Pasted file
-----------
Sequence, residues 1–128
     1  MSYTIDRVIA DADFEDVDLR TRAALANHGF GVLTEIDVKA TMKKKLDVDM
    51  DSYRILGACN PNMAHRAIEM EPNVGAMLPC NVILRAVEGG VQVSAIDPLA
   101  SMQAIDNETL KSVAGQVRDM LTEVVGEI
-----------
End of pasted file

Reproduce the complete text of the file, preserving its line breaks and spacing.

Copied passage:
Sequence, residues 1–128
     1  MSYTIDRVIA DADFEDVDLR TRAALANHGF GVLTEIDVKA TMKKKLDVDM
    51  DSYRILGACN PNMAHRAIEM EPNVGAMLPC NVILRAVEGG VQVSAIDPLA
   101  SMQAIDNETL KSVAGQVRDM LTEVVGEI